She tried to remember where she was. Loss swam around her like a shadow. She was dimly aware of hands helping her to her feet, putting a blanket around her and guiding her to a chair. She heard a door close gently. Someone put a glass of water into her hands, and she sipped it as instructed. Gradually, she became aware of a man sitting in a chair opposite her.
Looking around her, Laura saw a massage table and a heap of blankets and cushions. And she remembered where she was. She was in another part of the room now, sitting by a tiled fireplace in a comfortable armchair. She realised suddenly that beneath the orange blanket which had been folded around her, she was only wearing her underwear. Pulling the blanket tightly around her chest and over her legs, she took her time carefully arranging the folds of the rough fabric until she was sure that she was properly covered. The man waited patiently, looking away slightly. When she was still he smiled.
“Are you warm enough?” he asked.
Laura nodded warily and put the glass of water down on a low table that stood next to her chair. The world was beginning to make sense again. His words made a kind of sense, although it was an effort to decipher their meaning, as though he was speaking a language she was only just beginning to learn. She had the strangest feeling that she had been on a journey.
She opened her mouth to speak and was alarmed when no sound came out.
“Take your time,” said the man. “Take a few deep breaths.”
She tried again. “What happened?”
“Well, that’s what we need to find out.”
“Where’s…” It was frustrating, trying to find words again, trying to remember how to speak. “Where’s the other man?” She was speaking slowly, forming each word carefully, as though she was drunk, but the man did not seem alarmed.
“Oh, I expect Steve’s gone to put the kettle on. He’ll be back in a minute. He seems to believe a cup of tea is the answer to most things.”
Laura’s mother had been much the same. It felt good to be back in a world where people made cups of tea. She remembered the women who had been part of her childhood landscape—the grandparents, aunts, neighbours. Women whose tea drinking and knitting had been the constant background against which she had been able to grow.
“You got him a bit worried,” continued the man. “One minute you’re lying still and the next you’re shaking and crying.”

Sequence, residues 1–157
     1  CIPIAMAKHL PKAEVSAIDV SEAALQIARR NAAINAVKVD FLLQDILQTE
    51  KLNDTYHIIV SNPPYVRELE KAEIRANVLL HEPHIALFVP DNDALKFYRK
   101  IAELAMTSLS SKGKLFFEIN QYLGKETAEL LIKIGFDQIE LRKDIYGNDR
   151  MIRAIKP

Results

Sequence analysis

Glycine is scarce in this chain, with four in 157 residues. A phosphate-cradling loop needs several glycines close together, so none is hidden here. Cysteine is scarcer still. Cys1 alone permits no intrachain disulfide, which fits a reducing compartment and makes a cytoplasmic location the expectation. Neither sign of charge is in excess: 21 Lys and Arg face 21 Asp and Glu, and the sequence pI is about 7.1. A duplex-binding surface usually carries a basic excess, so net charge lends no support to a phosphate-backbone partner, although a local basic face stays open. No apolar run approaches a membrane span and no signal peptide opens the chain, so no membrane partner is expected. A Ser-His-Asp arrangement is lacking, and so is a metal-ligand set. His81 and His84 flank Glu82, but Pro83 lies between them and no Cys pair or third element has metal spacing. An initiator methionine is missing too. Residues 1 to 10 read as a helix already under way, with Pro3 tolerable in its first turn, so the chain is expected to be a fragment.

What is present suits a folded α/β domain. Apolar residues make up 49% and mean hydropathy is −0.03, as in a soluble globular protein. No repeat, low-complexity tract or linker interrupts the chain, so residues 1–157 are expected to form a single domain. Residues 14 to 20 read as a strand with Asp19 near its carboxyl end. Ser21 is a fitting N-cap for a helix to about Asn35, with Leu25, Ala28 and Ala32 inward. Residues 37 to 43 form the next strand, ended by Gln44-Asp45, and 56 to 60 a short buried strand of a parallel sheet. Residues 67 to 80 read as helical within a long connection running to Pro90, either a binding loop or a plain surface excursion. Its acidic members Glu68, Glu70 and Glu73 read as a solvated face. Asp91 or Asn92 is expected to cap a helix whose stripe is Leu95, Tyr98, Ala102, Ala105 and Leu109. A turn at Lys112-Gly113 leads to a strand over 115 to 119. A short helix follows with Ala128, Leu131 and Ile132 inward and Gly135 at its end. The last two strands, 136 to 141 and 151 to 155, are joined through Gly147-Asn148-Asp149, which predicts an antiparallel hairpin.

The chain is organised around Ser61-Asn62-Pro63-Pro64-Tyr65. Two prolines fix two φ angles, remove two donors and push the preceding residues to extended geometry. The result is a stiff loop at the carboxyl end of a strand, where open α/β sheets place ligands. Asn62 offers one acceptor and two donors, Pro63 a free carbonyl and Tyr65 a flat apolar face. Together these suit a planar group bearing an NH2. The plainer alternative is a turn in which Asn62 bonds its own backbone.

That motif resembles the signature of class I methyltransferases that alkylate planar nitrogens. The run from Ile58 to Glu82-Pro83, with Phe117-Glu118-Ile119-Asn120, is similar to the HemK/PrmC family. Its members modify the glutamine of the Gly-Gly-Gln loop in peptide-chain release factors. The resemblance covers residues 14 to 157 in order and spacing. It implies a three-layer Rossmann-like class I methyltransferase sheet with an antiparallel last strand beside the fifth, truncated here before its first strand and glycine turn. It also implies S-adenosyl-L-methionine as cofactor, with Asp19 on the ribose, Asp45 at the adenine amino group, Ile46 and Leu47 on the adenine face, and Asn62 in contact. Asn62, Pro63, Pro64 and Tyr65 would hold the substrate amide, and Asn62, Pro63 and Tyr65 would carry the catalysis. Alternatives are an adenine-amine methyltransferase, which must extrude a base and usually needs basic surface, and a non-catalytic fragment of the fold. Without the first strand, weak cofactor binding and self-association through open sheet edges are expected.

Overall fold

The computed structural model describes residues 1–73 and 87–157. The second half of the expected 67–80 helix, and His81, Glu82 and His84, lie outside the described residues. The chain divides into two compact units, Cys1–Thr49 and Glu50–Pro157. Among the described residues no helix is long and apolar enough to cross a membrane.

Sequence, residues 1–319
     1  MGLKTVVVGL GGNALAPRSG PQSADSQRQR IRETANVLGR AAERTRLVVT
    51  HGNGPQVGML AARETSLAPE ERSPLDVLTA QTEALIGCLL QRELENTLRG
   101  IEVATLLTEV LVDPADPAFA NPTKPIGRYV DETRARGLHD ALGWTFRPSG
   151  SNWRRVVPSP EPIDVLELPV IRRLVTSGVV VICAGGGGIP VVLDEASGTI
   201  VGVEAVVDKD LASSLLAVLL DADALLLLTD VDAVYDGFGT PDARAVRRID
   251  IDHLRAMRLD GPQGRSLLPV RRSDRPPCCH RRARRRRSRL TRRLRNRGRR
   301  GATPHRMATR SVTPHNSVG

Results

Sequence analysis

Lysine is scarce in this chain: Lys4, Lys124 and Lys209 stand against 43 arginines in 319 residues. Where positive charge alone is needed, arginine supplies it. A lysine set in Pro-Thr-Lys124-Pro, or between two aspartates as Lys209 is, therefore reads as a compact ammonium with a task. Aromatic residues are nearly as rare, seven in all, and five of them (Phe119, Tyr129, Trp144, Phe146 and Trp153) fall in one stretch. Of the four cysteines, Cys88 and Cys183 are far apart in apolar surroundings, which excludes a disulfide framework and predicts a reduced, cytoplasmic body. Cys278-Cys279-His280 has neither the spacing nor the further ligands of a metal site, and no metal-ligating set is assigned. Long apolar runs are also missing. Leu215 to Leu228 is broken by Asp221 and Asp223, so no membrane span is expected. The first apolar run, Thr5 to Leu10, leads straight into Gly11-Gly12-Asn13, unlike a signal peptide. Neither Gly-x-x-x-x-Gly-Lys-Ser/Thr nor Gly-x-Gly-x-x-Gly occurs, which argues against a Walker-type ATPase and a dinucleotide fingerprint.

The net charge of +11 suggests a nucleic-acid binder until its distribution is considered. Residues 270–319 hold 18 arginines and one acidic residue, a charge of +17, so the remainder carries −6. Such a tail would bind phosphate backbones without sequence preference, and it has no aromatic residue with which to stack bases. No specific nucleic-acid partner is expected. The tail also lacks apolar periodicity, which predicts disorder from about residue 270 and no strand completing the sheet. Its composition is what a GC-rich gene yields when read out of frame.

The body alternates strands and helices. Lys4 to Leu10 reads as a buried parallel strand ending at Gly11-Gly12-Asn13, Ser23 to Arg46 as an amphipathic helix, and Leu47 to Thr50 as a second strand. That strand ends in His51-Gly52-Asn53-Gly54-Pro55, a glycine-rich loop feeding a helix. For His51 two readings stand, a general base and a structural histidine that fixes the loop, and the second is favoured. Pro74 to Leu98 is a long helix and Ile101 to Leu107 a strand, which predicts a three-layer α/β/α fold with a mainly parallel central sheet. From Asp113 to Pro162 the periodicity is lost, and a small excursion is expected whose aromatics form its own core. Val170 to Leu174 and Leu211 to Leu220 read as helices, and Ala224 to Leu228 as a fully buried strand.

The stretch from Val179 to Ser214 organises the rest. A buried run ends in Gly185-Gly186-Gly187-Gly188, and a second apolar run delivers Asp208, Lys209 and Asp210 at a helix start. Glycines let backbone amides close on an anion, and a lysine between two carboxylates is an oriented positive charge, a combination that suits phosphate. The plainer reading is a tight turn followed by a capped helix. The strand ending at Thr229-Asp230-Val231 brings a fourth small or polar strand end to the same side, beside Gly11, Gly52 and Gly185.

Watching him, Laura remembered where she had seen him before. He had watched her through the window while she hesitated in the frosty garden. He sat very straight in his chair, long legs crossed at the ankle, hands resting on his knees. In his thirties, she guessed. Dressed in faded jeans and a white shirt. Dark hair, almost black, reaching to his shoulders. A hint of tiredness around eyes that watched her thoughtfully, not seeming worried about her examination of him and in no hurry to rush her. She felt her breathing slow and deepen and her senses sharpen.
“I’m sorry,” she said at last.
“Don’t apologise. These things happen. Is there someone I can call to pick you up? Your husband, perhaps?”
“No!” Too loud, Laura told herself, too shrill, too desperate. She took a deep breath. “I’m really sorry if I’m causing any problems. I’ll be fine in a moment.”
“Why don’t you tell me what you saw?” the man asked.
“Well, if nothing else, it’ll pass the time until Steve comes back with the tea.”
“It was a dream.”
“What sort of dream?”
“I don’t know.” She shrugged. “Just a dream. I must have fallen asleep. Don’t you ever fall asleep and dream?”
There was something about his quiet patience that irritated her as much as she found it comforting. Part of her wanted him to be as confused as she was. She stared at him, wanting to get a reaction. Something. Anything. Just a movement. She had never seen anyone who could sit so still. The child in her wanted to make him angry. As her awareness of her surroundings sharpened, she noticed how handsome he was, which annoyed her even more. She wasn’t going to play the helpless victim to a man she had never met before.
Karen Ankers lives in Anglesey, North Wales, where she draws inspiration for her writing from Wales’ mythic landscape and from the Celtic storytelling tradition. She started her writing career as a poet and has had poems published in various magazines and anthologies. Her first poetry collection, One Word At A Time, was published last year and she regularly reads at local spoken word events. She also writes one-act plays, in which she tries to give a voice to those usually ignored and unheard. These plays are published by Lazy Bee Scripts and have been performed in the UK, America, Australia and Malaysia. The Crossing Place is her first novel.